There are many shopping opportunities in Cagliari. Many are based within the Marina District, not to mention the arcaded Via Roma. Here you will find the famous La Rinascente, not to mention a good selection of boutiques and everyday shops. There are also a number of department stores through Cagliari, Upin on the Piazza Della Repubblica and Standa on Via Jenner Edward 2, which is located just outside the centre. Anyone wishes to purchase souvenirs should note that there are a number of outlets to meet your needs. Most of which can be located in the port area, or the ISOLA shop at Via Bacaredda 176.
For people seeking out local produce, try the food sections of local supermarkets. There is also a popular indoor market, Mercato Coperto di San Benedetto, which is located on the ss125 towards Quartu S.Elena.You will also find that Sunday opens its door to a number of day markets and flea markets. These can be found on the Bastione St.Remy and on the Piazza Trento. If second hand goods don't appeal to you then you could try large market at St Elia Stadium, which hosts a number of goods at bargain prices.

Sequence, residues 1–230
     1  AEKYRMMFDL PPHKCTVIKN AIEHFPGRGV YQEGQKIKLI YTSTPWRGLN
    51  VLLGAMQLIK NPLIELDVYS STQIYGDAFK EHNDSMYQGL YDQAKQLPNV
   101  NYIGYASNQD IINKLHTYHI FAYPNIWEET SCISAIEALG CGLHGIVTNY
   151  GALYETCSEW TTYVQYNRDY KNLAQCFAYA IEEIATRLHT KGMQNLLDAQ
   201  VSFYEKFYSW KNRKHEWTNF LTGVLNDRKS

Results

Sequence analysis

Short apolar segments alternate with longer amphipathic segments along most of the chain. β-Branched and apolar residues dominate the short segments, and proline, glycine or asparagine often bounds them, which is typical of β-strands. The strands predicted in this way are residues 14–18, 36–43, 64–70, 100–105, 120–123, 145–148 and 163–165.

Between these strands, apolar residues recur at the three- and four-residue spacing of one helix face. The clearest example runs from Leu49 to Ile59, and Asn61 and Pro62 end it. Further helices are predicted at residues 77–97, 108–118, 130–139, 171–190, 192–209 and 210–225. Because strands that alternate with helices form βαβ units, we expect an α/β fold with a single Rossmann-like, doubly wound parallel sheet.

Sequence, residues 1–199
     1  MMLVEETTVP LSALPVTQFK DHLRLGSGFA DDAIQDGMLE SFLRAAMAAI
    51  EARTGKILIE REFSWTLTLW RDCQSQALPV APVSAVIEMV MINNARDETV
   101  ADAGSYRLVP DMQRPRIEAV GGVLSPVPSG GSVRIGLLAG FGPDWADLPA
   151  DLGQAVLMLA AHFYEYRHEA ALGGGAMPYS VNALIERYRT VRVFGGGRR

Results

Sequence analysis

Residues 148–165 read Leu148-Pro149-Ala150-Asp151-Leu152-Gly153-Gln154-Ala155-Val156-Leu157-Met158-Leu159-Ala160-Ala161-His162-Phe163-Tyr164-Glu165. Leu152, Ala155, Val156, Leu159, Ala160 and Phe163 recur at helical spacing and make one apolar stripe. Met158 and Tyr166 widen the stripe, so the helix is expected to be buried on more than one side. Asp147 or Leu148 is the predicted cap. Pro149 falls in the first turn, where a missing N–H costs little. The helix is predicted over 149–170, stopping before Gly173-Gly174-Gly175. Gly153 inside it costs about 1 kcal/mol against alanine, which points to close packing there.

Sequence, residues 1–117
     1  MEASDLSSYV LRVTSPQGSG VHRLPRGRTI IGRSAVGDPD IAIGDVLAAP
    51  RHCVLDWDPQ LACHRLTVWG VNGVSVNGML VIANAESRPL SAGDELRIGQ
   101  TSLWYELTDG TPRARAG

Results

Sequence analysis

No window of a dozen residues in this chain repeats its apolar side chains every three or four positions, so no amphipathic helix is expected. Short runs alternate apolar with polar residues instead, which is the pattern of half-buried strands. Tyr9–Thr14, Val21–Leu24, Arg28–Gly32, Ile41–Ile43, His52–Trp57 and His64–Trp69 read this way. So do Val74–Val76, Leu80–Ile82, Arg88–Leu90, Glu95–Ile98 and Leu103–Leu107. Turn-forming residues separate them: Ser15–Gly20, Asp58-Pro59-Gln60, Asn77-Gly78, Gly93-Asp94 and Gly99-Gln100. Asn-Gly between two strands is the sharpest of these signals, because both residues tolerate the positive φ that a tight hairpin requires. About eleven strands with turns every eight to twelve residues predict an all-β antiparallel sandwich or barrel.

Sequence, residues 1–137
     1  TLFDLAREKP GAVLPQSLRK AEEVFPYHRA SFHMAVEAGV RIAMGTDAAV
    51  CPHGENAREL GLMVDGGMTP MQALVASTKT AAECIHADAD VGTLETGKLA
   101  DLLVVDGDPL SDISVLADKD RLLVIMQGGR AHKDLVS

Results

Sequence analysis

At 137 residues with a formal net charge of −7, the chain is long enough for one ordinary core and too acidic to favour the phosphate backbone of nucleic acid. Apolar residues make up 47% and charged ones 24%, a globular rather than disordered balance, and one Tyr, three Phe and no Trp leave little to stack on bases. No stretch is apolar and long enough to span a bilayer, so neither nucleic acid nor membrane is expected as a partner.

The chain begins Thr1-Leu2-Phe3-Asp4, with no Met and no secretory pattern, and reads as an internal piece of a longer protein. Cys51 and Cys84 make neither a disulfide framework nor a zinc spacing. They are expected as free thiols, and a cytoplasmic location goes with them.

If you're a fan of local sweets and pastries try Durke, a local shop specialising in a large selection of sweets and pastries made to traditional recipes. Fans of books can try Le Librerie della Costa, the central bookshop which whilst selling Italian language books, also offer a good selection of English written material. The store also has internet access. If you're shopping for jewellery try Lorenda Mandas. The store specialise in filigree, an item of jewellery for which Sardinia is famous.
Disabled visitors Cagliari